Old English- fourth lecture

Old English (500-1100 AD(
The history of the English language really started with the arrival of three
Germanic tribes who invaded Britain during the 5th century AD. These tribes, the
Angles, the Saxons and the Jutes, crossed the North Sea from what today is Denmark
and northern Germany. At that time the inhabitants of Britain spoke a Celtic language.
But most of the Celtic speakers were pushed west and north by the invaders - mainly
into what is now Wales, Scotland and Ireland. The Angles came from Englaland and
their language was called Englisc - from which the words England and English are
Also influencing English at this time were the Vikings. Norse invasions,
beginning around 850, brought many North Germanic words into the language,
particularly in the north of England .
The majority of words in modern English come from foreign, not Old English
roots. In fact, only about one sixth of the known Old English words have descendants
surviving today. About half of the most commonly used words in modern English
have Old English roots. Words like be, water, and strong, for example, derive from
Old English roots .
Old English, whose best known surviving example is the poem Beowulf,
lasted until about 1100 .
The German tribes who ultimately give rise to English language interacted
with Roman Empire as a result they borrowed some words from the Latin also so
sometimes English language is termed as "Borrowed language."
There are 3 classifications of English:
Old English - Native language for England. Derived from Anglo-Saxon.
Middle English - Came into existence around 1066 A.D. Derived from
Modern English - Language came into prominence since 15th Century.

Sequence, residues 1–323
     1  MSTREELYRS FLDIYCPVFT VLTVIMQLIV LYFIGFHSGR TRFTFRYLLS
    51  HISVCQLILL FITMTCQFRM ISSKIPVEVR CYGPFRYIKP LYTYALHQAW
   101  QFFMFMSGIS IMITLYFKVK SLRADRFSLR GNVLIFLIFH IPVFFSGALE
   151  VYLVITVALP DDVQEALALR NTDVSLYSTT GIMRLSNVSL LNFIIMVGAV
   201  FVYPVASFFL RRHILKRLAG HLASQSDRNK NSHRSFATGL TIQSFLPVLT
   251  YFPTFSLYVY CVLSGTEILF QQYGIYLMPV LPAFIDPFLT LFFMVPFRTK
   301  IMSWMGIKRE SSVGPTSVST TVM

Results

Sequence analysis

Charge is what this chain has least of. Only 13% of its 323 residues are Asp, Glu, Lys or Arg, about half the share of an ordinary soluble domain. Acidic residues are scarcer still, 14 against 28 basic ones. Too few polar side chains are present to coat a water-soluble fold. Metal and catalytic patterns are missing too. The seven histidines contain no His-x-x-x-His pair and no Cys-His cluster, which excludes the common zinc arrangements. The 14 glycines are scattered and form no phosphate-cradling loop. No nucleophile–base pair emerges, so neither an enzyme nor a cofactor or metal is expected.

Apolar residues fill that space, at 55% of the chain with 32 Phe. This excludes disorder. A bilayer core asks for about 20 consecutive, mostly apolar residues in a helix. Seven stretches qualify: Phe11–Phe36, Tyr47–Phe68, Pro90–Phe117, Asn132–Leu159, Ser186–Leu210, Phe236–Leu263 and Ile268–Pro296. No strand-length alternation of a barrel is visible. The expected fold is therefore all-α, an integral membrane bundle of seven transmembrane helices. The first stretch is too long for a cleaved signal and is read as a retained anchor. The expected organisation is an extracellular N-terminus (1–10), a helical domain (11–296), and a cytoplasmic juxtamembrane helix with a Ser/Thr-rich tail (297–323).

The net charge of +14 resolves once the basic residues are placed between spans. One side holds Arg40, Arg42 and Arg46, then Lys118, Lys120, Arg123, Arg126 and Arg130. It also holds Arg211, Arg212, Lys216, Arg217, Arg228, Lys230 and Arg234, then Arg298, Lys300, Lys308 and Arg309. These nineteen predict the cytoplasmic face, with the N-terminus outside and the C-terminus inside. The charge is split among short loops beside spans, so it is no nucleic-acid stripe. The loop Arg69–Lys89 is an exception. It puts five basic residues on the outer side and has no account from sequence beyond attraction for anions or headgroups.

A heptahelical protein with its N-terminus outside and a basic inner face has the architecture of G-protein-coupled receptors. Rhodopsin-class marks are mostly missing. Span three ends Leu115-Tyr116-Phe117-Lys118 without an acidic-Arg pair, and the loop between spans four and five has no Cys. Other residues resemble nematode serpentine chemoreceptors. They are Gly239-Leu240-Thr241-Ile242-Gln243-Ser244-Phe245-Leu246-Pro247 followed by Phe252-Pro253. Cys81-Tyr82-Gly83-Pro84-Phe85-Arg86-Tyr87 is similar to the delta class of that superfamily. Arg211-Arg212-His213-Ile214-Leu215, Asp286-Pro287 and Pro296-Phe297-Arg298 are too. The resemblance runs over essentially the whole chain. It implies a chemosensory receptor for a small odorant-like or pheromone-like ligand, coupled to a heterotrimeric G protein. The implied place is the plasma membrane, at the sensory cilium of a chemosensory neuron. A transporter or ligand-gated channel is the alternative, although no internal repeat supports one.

Blend of Greek & Latin words.
A Few Primary Characteristics of Old English
Spelling and Pronunciation:
1. the long vowels have undergone extensive change due to the Great Vowel
2. different letters.
3. there were no unstressed syllables; primary stress usually occurred on the first
Word stock
Nearly 85% of Old English words are no longer in use. Those that remain are basic
elements of our vocabulary. Also absent are many borrowings from Latin and French .
Old English was primarily a synthetic language whereas Modern English is
primarily analytic. As a result, Old English is a highly inflected language.
Like other Germanic languages of the period, Old English was fully inflected
with five grammatical cases (nominative, accusative, genitive, dative, and
instrumental, though the instrumental was very rare), which had dual plural forms for
referring to groups of two objects (but only in the personal pronouns) in addition to
the usual singular and plural forms. It also assigned gender to all nouns, including
those that describe inanimate objects: for example, sēo sunne (the Sun) was feminine,
while se mōna (the Moon) was masculine.
Foreign Influences on Old English: Celtic, Latin & Scandinavian.
I. Celtic
Traditionally, many maintain that the influence of Celtic on English has been small,
citing the small number of Celtic loanwords taken into the language. The number of
Celtic loanwords is of a lower order than either Latin or Scandinavian .
II. Latin Influence
Borrowing reflect early contact between Germanic tribes and Roman Empire. One of
the ways the influence of Latin can be seen is that many Latin words for activities
came to also be used to refer to the people engaged in those activities .
III. Scandinavian Influence
The second major source of loanwords to Old English was the Scandinavian words
introduced during the Viking invasions of the 9th and 10th centuries. In addition to a
great many place names, these consist mainly of items of basic vocabulary, and words
concerned with particular administrative aspects.
Unlike modern English, Old English is a language rich with morphological diversity
and is spelled essentially as it is pronounced. It maintains several distinct cases: the
nominative, accusative, genitive, dative and (vestigially) instrumental, remnants of
which survive only in a few pronouns in modern English.
Word order
The word order of Old English is widely believed to be subject-verb-object (SVO) as
in modern English and most Germanic languages. The word order of Old English,
however, was not overly important because of the aforementioned morphology of the
language. As long as declension was correct, it did not matter whether you said, "My
name is..." as "Mīn nama is..." or "Nama mīn is...